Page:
IN THE UNITED STATES DISTRICT COURT FOR THE WESTERN DISTRICT OF WISCONSIN OXBO INTERNATIONAL CORPORATION, Plaintiff, v. H&S MANUFACTURING COMPANY, INC., [DRAFT] JURY INSTRUCTIONS: DAMAGES 15-cv-292-jdp Defendant. Pretrial Instructions Ladies and Gentlemen of the Jury: We are about to begin the damages phase of the trial. This part of the trial will, in general, follow the same pattern as the liability phase. Counsel will make opening statements, we will hear the evidence, and then I will instruct you on the law applicable to damages. Counsel will make closing arguments, and you will deliberate. For this phase of the trial, it is now established that defendant has infringed the ’929 patent, the ’739 patent, the ’488 patent, and a fourth patent that you have not heard about yet, United States Patent number 8,511,052. We may refer to this fourth patent-in-suit as the ’052 patent, or the “trough patent.” It claims an improvement to the triple head mergers that you have heard about. [Adjust as needed for jury verdict.] You must now decide what amount of money damages would compensate plaintiff for defendant’s infringement of the patents. Plaintiff must prove their damages by a preponderance of the evidence. Plaintiff’s claim for damages must be supported by evidence, but plaintiff is not require to prove damages with the same level of precision as was required to prove the elements of liability. Your decision on damages will require reasonable estimates based on the evidence. I will instruct you in more detail about the law you will apply after you hear the evidence. But my general instructions about evaluating evidence and your conduct as jurors still apply. Post-trial Introduction Ladies and Gentlemen of the Jury: Now that you have heard the evidence, I will give you the instructions that will govern your deliberations in the jury room. It is my job to decide what rules of law apply to the case and to explain those rules to you. You have two duties as a jury. Your first duty is to decide the facts from the evidence in the case. This is your job, and yours alone. Your second duty is to apply the law that I give you to the facts. You must follow these instructions, even if you disagree with them. Each of the instructions is important, and you must follow all of them. 2 DAMAGES — GENERAL You must now consider what amount of damages to award to plaintiff. You are to award plaintiff damages adequate to compensate plaintiff for infringement. The damages you award are to compensate the patent holder, not to punish the infringer. Plaintiff has the burden to prove its damages by a preponderance of the evidence. Your verdict must not be based on guesswork. But plaintiff need not prove the amount of its damages with mathematical precision. Your damages determination will necessarily involve estimates and approximations. In determining plaintiff’s damages, you may consider all the evidence presented in the case, including the evidence presented in the first phase of the trial, as well as the evidence presented in the damages phase. The damages case will be submitted to you in the form of a special verdict on damages, consisting of __ questions. 3 TWO TYPES OF DAMAGES — LOST PROFITS & REASONABLE ROYALTY There are two types of damages that plaintiff may be entitled to recover: lost profits or a reasonable royalty. Lost profits consist of any actual reduction in business profits that plaintiff suffered as a result of defendant’s infringement. A reasonable royalty is the amount the patent owner and someone wanting to use the patented invention would agree upon as a fee for use of the invention. I will describe shortly what plaintiff must prove to recover either type of damages. Plaintiff is entitled to recover at least a reasonable royalty for each infringing sale, even if plaintiff cannot prove that it suffered lost profits in connection with that sale. 4 LOST PROFITS To recover lost profits, plaintiff must prove two things: 1. A reasonable probability that, if defendant had not infringed, plaintiff would have made additional sales of the patented product that defendant made. 2. The amount of profit plaintiff would have made on those sales. Plaintiff does not need to prove this amount with precision, and if there are uncertainties regarding the specific amount of lost profits, you may resolve those uncertainties against defendant. There are alternative ways for plaintiff to establish an entitlement to recover lost profits. I will discuss these in the following instructions. 5 LOST PROFITS — PANDUIT TEST One way that plaintiff may establish that it is reasonably probable that it would have made additional sales of the patented product is by proving three things: 1. There was a demand for the patented product; 2. There was no acceptable, non-infringing substitute for the patented product; and 3. Plaintiff was capable of satisfying the demand. An “acceptable, non-infringing substitute” is a product that has the advantages of the patented invention that were important to the purchasers of defendant’s product. If purchasers of the defendant’s product were motivated to purchase that product because of features that were available only from that product and the plaintiff’s patented product, then other products are not acceptable substitutes, even if they otherwise competed with plaintiff’s and defendant’s products. 6 LOST PROFITS — MARKET SHARE METHOD An alternative way that plaintiff may establish that it is reasonably probable that it would have made additional sales of the patented product is by proving two things: 1. Plaintiff would have made some portion of defendant’s infringing sales if defendant’s infringing product had not been available; and 2. Plaintiff was capable of making those additional sales. If plaintiff proves these things, it is entitled to recover its lost profits on the percentage of defendant’s sales that reflects what plaintiff proves was its share of the market. You may reach this conclusion even if acceptable, non-infringing substitute products were available from others. 7 LOST PROFITS — AMOUNT If you conclude that plaintiff has proved that it lost profits because of defendant’s infringement, the lost profits that you award should be the amount that plaintiff would have made on any sales that plaintiff lost because of the infringement, minus the additional costs that plaintiff would have incurred in making those sales. Plaintiff is required to prove the amount of its lost profits to a reasonable probability and may not recover amounts that are speculative. However, mathematical certainty is not required, and if the reason plaintiff has difficulty proving the amount of its lost profits is that defendant did not maintain adequate records, then you should resolve any doubts as to the amount of lost profits in plaintiff’s favor. 8 REASONABLE ROYALTY Plaintiff also seeks to recover a reasonable royalty. Plaintiff is entitled to recover a reasonable royalty for any of defendant’s infringing sales for which plaintiff did not prove lost profits. A royalty is a payment made to the owner of a patent by someone else so that he can use the patented invention. A “reasonable royalty” is the amount plaintiff and defendant would have agreed upon as a royalty at the time defendant’s infringement began. In determining a reasonable royalty, you should assume that plaintiff would have been willing to allow defendant to use the patented invention and that defendant would have been willing to pay plaintiff to do so. You should take into account what plaintiff’s and defendant’s expectations would have been if they had negotiated a royalty and had acted reasonably in their negotiations. You should assume that both plaintiff and defendant would have believed that plaintiff’s patents were valid and infringed. You should also assume that defendant would have been willing to pay, and plaintiff would have been willing to accept, the reasonable royalty they negotiated. Your role is to determine what plaintiff and defendant would have agreed upon if they had negotiated in this manner, not just what either plaintiff or defendant would have preferred. In determining a reasonable royalty, you may consider a number of factors, including those factors that counsel and the witnesses referred to as the Georgia Pacific 9 factors. You may consider any of these factors, which are summarized below, that are supported by the evidence: • Royalties that others paid to plaintiff for the patented invention; • Royalties that defendant paid to others for comparable patents; • Whether plaintiff had a policy of licensing or not licensing the patents; • Whether plaintiff and defendant are competitors; • Whether use of the patented invention helps to make sales of other products or services; • Whether the product made using the patent is commercially successful, as well as its profitability; • The advantages of using the patented invention over methods not covered by the patent; • The extent of defendant’s use of the patented invention and the value of that use to defendant; • Any royalty amounts that are customary for similar or comparable patented inventions; • The portion of the profit on sales that is due to the patented invention, as opposed to other factors, such as unpatented elements or processes, features, or improvements developed by defendants; • Expert opinions regarding what would be a reasonable royalty. 10 REASONABLE ROYALTY — TIMING The relevant date for the hypothetical reasonable royalty negotiation for each patent-in-suit is as follows: [DATES FOR EACH PATENT—both parties agree?]. However, you may consider evidence relating to events after these dates in determining the royalty that would have resulted from each hypothetical negotiation. 11 REASONABLE ROYALTY — AVAILABILITY OF NON-INFRINGING SUBSTITUTES In determining a reasonable royalty, you may also consider available noninfringing alternatives to the patented invention. But the evidence must show that any such alternative was: readily available to defendant at the time of the hypothetical negotiation; acceptable as a substitute for the patented invention to defendant and their customers; and could be used without infringing patents held by others. Although plaintiff bears the overall burden to prove damages, defendant bears the burden to show that the proposed alternative was readily available to defendant at the time of each hypothetical negotiation. 12 REQUIREMENT OF NOTICE Plaintiff can recover damages only for infringement that occurred after plaintiff gave notice of its patent rights. Plaintiff must prove by a preponderance of the evidence that it gave notice. There are two ways a patent holder can give notice of its patent rights. The first way is to give notice to the public in general, by placing the word “patent” or the abbreviation “PAT.” with the number of the patent on substantially all the products it sold that included the patented invention. Anyone that plaintiff licensed to use the patented invention must also mark in the same manner substantially all of its products that include the patented invention. This type of notice is effective from the date plaintiff and its licensees began to mark in this manner substantially all of their products that included the patented invention. The second way to give notice of patent rights is by directly informing defendant that it is infringing a particular patent and identifying the infringing product. This type of notice is effective from the time it is given. If plaintiff did not give notice in either of these ways before filing this lawsuit, then plaintiff can recover damages only for infringement that occurred after it filed the lawsuit, on May 15, 2015. 13 WILLFUL INFRINGEMENT Plaintiff contends that defendant’s infringement was willful. Plaintiff has the burden to prove willfulness to a preponderance of the evidence. As a reminder, “preponderance of the evidence” means that when you have considered all the evidence in the case, you must be persuaded that plaintiff’s contention is more probably true than not true. Bear in mind that not all infringement is willful. It is not enough for plaintiff to show that defendant knew of plaintiff’s patents and nevertheless infringed them. Infringement is willful only if the infringement was, in some way, consciously or recklessly wrongful. Defendant’s infringement was willful if it amounts to serious misconduct significantly beyond the ordinary mistakes and errors of judgment that might occur in the course of honest business competition. In determining whether plaintiff has proven that defendant’s infringement was willful, you should consider all the relevant circumstances that are shown by the evidence. Defendant has no obligation to obtain the opinion of legal counsel to avoid infringement. You may not consider defendant’s failure to get a legal opinion to be an indication of willful infringement. However, if defendant relies on the opinion of legal counsel in defense of a charge of willfulness, the opinion must be competent and well supported, and the opinion must clearly advise defendant that its product did not infringe the patents-in-suit or that the patents-in-suit were invalid. 14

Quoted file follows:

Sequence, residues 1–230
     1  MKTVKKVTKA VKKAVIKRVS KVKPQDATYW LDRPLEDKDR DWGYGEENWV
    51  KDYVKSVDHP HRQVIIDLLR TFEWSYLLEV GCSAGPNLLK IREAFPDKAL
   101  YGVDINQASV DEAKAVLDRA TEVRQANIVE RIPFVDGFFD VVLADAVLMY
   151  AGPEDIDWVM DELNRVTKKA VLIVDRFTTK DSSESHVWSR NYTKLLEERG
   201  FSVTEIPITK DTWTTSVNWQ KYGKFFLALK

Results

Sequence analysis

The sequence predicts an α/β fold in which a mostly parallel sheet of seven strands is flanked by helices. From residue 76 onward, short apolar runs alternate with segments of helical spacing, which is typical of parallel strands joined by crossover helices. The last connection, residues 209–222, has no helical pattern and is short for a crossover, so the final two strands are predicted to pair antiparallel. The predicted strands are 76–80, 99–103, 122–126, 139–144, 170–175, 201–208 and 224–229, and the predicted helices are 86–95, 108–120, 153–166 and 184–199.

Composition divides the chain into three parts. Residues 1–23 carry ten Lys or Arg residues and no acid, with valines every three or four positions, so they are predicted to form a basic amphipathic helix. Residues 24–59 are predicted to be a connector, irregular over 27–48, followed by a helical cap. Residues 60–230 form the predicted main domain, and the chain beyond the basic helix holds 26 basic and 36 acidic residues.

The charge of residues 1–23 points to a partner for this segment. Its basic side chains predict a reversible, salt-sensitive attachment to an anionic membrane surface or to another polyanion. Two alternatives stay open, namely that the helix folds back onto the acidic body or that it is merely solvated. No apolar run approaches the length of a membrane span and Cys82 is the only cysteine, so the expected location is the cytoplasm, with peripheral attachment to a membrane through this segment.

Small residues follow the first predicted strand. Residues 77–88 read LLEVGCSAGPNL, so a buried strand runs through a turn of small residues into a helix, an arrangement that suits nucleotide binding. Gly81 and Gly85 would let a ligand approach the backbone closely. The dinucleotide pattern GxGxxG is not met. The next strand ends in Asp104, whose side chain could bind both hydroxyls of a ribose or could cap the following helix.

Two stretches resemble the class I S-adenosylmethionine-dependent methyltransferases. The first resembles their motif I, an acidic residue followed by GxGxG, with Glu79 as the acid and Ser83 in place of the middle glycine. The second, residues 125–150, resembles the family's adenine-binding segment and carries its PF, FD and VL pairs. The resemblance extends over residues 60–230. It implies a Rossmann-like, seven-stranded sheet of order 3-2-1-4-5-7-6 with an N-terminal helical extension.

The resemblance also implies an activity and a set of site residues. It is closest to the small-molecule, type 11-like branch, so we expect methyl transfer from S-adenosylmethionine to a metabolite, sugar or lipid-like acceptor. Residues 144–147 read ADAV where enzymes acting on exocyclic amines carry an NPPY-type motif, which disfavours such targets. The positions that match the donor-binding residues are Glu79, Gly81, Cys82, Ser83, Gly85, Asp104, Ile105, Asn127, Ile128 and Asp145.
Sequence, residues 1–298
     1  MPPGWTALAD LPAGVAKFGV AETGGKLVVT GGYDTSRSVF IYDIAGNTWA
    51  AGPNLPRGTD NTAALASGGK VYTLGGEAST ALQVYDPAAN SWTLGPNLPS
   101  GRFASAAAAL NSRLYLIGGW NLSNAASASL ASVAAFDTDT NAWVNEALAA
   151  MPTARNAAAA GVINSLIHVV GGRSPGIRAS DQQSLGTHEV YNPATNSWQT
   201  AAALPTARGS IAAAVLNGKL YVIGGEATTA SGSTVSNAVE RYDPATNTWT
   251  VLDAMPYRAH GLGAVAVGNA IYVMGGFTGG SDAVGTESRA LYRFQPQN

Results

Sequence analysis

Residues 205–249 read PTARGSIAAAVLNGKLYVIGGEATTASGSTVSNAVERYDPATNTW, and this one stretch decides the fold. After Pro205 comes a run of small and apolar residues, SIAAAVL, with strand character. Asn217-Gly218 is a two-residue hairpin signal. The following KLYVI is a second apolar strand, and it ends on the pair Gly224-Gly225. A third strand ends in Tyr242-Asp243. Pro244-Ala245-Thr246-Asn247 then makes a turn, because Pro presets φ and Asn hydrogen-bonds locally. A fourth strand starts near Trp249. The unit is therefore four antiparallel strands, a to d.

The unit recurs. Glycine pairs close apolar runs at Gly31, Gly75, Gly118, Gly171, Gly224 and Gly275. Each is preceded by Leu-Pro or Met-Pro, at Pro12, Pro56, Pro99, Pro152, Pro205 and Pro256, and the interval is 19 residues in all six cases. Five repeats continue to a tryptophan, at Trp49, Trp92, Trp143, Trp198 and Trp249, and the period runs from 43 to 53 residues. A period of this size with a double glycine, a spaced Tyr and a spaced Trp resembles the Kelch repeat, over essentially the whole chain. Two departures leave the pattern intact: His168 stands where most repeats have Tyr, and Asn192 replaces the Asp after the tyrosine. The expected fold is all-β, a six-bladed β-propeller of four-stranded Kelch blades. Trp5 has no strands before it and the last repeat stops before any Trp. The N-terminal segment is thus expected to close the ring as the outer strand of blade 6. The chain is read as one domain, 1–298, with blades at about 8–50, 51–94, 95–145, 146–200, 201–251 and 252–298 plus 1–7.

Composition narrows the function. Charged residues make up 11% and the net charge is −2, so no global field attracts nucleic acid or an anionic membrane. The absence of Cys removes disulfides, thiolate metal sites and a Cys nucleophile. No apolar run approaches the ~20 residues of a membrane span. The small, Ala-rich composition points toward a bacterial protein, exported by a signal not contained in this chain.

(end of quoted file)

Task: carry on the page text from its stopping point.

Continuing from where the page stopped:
Disclaimer: Justia Dockets & Filings provides public litigation records from the federal appellate and district courts. These filings and docket sheets should not be considered findings of fact or liability, nor do they necessarily reflect the view of Justia.

Why Is My Information Online?